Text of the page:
1 pair folding-leg hardware (for optional folding legs)
1 pair rubber leg tips (for optional folding legs)
1 ea. foam pad (optional; a couple kids’ room floor tiles work well.)


Power tools

Drill & bits
Jig saw (formerly called saber saw)
Circular saw
Angle grinder (optional)
Sander (optional)

Hand tools

Measuring tape
Fine felt-tip marker
Center punch
Utility knife
Paint brush and/or roller (unless you use spray paint only)
Pipe cleaner (to remove swarf from probe)
Screw driver (required if using screws)
Carpenter's square
Tin snips (maybe)
Chalk or ink line (optional)
Compass (optional)
Flexible curve (optional, for layout)
Calipers (optional, for measuring splash bucket)
Wood rasp(s) (maybe)

<p>thankyou, thankyou, thankyou! </p>
<p>Glad you found it useful!</p>
Where did you get the rigid tubing? I'm having trouble finding it, and the guy at the hardware store looked at me like I was crazy, saying &quot;rigid&quot; and &quot;tubing&quot; is a contradiction in terms.
Plastics specialty store. I suppose you could call it tiny pipe. It is about 7/32&quot; in O.D. Not sure what uses it is normally sold for.
I'm not a &quot;nay sayer&quot; and am a firm believer in alternative healing but:<br><br>&quot;Now for the probe(s). In my opinion, the probe should be clean and dry between uses, but sterilization is unnecessary.&quot;<br><br>sent shivers down my spine!<br><br>IF you want to re-use your probes and you want to avoid infection you should mix a sanitizing solution (bleach and water) and sanitize your probe after every use.<br><br>Proper cleaning should be: soap and water, clean water rinse, soak in sanitizing solution, clean water rinse then hung up to dry.<br><br>Your best bet is to make up a bunch of probes and dispose of each one after every use like the professional clinics do.<br><br>Oh and PS: NEVER use a probe that has been used by somebody else (cleaned or not)!
Hi, Zackback,<br><br>Thanks for your comment.<br><br>My opinion is of course based on my own experience. Except for occasional travel, I have always lived in developed countries and enjoyed only limited and non-lethal exposure to parasites or infections. My level of probe practice (too relaxed by your standards) might not be appropriate everywhere, but for the dozens of colonics I have been party to, I have seen only good effects. <br><br>I do not know your circumstances; your level of aseptic practice (which looks like overkill to me) may be a perfect fit. But even if you are overzealous, I would much rather that you be over- than under-. Better to err in the direction of too clean.<br><br>You have made me think, Zackback. If problems ever do arise in our use of colonics, I will certainly hasten to make amends! <br><br>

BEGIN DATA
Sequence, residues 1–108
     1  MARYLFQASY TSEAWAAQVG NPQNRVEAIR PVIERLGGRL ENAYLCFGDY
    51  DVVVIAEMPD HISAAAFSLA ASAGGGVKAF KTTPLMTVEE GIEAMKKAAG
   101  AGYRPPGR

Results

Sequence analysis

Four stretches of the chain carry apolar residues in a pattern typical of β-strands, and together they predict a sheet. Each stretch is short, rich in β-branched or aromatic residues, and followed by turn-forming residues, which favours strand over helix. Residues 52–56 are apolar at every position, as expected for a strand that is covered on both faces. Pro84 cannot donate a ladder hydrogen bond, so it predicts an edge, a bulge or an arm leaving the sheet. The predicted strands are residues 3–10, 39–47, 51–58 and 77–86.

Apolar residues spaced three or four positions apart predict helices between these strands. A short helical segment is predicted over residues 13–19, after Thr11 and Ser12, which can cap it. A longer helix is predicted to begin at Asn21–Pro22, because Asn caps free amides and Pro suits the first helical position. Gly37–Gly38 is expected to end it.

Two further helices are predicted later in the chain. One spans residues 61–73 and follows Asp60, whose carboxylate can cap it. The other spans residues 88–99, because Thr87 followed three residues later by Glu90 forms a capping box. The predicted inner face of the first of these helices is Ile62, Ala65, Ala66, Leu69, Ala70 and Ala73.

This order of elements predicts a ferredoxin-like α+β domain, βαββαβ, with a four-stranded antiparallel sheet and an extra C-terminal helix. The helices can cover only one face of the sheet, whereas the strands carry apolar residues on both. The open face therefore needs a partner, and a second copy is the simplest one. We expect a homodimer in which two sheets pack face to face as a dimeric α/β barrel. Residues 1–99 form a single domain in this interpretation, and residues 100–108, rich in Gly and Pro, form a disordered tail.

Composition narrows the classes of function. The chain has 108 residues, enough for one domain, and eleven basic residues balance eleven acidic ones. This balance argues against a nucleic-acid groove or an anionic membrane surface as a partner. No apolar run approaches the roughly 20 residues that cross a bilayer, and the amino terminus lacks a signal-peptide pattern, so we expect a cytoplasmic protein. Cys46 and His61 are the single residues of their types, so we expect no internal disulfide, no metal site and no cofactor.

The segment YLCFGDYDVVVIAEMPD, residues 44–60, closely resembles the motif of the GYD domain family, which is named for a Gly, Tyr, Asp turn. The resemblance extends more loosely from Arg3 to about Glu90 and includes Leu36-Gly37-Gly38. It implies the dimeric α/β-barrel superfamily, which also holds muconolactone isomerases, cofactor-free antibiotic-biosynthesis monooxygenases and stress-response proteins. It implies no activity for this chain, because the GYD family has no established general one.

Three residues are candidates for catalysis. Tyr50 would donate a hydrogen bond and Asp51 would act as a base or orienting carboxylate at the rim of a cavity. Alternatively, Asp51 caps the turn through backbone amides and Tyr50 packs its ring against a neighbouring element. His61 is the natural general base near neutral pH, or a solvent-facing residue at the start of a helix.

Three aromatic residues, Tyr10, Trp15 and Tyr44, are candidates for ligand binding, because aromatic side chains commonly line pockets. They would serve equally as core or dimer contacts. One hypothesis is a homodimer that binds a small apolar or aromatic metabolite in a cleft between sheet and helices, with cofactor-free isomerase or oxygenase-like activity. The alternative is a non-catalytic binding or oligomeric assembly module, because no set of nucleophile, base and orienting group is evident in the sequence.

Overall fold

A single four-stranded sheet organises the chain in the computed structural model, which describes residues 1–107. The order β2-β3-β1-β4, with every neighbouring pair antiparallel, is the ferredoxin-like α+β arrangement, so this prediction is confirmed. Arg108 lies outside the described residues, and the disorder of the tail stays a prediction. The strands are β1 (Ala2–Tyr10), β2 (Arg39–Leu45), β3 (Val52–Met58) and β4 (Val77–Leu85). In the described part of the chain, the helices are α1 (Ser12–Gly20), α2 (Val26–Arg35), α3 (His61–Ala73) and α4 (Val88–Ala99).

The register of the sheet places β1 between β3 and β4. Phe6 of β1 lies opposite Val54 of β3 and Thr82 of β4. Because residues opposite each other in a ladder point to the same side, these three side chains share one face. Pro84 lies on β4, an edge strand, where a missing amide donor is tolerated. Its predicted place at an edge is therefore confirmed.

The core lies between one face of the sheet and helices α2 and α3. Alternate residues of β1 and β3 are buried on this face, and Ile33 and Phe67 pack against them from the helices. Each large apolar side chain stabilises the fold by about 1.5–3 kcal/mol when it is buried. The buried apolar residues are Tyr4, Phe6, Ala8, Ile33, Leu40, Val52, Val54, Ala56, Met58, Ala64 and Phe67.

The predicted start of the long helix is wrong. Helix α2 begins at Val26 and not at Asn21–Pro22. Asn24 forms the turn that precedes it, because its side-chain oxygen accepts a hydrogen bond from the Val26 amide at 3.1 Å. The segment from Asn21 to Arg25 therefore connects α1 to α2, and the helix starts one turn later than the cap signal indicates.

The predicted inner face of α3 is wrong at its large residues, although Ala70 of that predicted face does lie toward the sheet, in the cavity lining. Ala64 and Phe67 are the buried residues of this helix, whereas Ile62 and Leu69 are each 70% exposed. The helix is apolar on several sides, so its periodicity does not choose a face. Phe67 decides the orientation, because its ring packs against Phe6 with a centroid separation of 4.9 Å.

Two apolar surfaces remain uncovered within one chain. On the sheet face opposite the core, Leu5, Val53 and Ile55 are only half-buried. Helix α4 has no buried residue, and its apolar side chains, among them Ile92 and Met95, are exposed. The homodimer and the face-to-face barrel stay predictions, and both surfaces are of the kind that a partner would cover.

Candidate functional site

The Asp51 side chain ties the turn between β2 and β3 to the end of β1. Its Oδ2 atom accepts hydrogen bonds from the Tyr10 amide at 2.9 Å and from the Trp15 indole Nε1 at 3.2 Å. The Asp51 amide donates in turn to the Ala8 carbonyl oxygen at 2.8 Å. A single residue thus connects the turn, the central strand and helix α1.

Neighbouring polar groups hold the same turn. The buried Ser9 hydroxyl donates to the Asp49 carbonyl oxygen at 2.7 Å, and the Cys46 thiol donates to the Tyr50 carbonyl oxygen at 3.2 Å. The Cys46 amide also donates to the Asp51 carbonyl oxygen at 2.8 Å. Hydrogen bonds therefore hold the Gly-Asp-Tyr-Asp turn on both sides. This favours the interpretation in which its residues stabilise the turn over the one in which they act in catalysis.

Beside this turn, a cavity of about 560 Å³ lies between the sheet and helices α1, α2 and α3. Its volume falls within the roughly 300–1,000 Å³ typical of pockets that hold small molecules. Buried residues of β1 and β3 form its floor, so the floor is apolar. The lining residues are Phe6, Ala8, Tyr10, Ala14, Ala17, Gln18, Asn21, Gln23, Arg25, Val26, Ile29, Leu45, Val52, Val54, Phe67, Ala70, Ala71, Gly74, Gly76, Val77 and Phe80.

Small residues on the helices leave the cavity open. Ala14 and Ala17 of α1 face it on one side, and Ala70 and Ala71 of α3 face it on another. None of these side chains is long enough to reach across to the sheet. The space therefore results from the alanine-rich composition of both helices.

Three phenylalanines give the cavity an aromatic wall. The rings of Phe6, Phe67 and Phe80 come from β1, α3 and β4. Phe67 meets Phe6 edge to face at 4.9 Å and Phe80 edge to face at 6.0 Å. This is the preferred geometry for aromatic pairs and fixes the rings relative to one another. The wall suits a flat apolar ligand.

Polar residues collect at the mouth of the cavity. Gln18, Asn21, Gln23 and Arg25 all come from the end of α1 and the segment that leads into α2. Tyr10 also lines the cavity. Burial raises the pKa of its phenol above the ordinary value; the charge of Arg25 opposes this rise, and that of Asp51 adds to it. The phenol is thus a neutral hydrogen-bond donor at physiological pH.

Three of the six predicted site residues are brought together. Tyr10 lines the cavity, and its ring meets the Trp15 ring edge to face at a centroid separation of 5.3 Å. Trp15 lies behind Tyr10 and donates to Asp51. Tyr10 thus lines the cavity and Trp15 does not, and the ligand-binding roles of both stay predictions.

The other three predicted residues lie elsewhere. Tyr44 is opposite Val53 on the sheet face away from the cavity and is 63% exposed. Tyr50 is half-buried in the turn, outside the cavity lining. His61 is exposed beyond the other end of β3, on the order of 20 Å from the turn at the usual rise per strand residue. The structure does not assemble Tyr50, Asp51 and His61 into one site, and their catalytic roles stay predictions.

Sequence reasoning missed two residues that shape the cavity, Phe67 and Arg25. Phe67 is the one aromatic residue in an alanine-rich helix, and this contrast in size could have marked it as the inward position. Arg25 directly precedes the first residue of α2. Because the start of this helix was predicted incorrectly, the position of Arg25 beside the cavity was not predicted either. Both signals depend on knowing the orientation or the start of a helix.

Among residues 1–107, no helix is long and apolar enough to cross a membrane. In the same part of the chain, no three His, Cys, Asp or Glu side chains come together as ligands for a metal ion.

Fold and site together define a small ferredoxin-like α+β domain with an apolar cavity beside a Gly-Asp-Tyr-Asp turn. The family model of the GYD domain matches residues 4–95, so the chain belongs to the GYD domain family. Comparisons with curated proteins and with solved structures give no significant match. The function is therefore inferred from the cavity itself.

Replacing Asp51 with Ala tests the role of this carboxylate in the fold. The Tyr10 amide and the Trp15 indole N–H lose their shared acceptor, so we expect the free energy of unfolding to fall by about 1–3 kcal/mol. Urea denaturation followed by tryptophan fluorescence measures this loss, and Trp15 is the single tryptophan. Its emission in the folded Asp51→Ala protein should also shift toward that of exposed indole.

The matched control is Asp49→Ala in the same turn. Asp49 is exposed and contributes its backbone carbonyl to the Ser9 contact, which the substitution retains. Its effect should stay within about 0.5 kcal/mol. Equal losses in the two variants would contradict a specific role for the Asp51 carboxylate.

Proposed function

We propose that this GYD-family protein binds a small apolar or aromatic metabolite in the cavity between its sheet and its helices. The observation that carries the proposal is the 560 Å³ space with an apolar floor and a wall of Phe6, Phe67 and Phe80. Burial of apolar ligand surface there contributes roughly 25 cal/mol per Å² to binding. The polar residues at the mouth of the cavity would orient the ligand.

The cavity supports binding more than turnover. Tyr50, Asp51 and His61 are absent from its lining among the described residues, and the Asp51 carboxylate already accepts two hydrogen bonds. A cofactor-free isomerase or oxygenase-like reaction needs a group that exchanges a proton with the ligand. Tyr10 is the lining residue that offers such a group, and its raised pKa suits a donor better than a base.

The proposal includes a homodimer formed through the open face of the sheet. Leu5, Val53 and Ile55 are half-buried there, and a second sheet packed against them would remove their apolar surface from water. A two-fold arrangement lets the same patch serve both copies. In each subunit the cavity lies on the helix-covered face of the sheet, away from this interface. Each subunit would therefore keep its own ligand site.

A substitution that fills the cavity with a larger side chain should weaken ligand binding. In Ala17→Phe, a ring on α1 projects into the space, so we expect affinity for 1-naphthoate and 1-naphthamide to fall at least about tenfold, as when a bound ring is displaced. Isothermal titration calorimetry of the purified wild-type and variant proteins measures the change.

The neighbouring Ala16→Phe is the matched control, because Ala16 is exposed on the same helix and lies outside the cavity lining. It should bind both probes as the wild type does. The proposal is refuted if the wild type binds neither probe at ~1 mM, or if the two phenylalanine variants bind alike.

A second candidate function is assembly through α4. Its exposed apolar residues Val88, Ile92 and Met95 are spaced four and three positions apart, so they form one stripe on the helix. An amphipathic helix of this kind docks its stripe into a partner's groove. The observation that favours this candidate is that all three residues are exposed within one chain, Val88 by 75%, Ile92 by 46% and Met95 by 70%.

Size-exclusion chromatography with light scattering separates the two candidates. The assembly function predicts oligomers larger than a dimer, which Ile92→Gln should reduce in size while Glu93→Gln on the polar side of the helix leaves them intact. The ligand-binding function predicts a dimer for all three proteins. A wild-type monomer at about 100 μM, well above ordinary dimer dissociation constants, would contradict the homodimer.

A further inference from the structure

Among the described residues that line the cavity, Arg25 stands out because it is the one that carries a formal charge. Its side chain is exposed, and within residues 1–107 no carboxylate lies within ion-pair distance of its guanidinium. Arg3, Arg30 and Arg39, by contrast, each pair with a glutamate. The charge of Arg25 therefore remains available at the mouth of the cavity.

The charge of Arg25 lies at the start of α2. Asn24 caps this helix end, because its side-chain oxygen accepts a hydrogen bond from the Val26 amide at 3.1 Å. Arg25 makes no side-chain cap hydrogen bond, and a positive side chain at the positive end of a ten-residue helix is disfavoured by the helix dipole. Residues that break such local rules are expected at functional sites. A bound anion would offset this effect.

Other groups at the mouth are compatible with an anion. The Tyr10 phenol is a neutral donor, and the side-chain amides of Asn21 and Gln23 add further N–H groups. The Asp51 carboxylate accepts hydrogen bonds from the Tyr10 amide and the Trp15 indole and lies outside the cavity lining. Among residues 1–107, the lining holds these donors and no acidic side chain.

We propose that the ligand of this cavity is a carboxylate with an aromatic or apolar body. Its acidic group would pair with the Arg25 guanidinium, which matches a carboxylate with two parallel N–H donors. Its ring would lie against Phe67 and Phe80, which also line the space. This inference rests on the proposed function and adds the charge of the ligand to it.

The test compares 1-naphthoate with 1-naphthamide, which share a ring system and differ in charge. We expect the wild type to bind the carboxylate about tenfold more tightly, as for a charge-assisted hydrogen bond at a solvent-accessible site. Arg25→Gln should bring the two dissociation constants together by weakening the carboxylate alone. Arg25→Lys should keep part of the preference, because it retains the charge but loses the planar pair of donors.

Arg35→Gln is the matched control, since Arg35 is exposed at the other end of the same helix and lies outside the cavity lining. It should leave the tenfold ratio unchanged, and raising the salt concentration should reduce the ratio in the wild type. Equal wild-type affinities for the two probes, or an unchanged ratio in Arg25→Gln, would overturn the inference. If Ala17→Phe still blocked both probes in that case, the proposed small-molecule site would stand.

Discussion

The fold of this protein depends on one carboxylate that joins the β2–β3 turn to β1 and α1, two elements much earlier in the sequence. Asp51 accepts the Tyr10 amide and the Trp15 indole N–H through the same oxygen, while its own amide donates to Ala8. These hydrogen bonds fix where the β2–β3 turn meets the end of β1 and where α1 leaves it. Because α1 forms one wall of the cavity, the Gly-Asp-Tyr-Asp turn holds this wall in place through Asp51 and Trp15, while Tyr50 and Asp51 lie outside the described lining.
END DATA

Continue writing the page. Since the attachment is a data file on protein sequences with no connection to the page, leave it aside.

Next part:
This is the first time I saw this, great. I built my own, a little different but it works. I will probably use some of your ideas as I modify mine.
Thanks for your comment.<br><br>Hope the ideas are of use to you.
I think its great that you put this instructable up....there is so little alternative info on the actual business end of this subject, it all seems to be &quot; pay us a lot of money and we will take care of it&quot;. Obviously one would need to do a bunch of research and get advice from a health professional on personal needs but ( couldnt avoid using the word,sorry!) this area of body maintainance would be a lot more commonly practiced if people were able to do it in the comfort and privacy of their home.<br> So....thanks for the post !
Thanks for your comment!<br> <br> A few decades back on my wife's birthday, I paid for professional colonics for her and me at a clinic in Indiana. Some years later, a friend of a friend had a colonic board that he wanted to sell, and I bought it.<br> <br> With the exception of the clinic experience, all my instruction and advice on the subject has come from reading. Which gives access to a treasure trove of expertise, if one has the gumption to put it to use.
I thought this instructable was going to collect a lot of comments, flames, trolling etc., cause I know there are people who disagree with colonics. But no. All quiet on the comment front. <br><br>Current log says the instructable has been viewed 290 times. There's gotta be a few who are actually building and using these things, right? Quietly? <br><br>Hope so. I've made several, for family and friends, and we have all found them to be a big help. The human body is designed for a) more, and more varied, exercise than most of us get, and b) more fiber intake than most of us get. <br><br>We find that colonics help make up for some of the shortcomings of the modern lifestyle.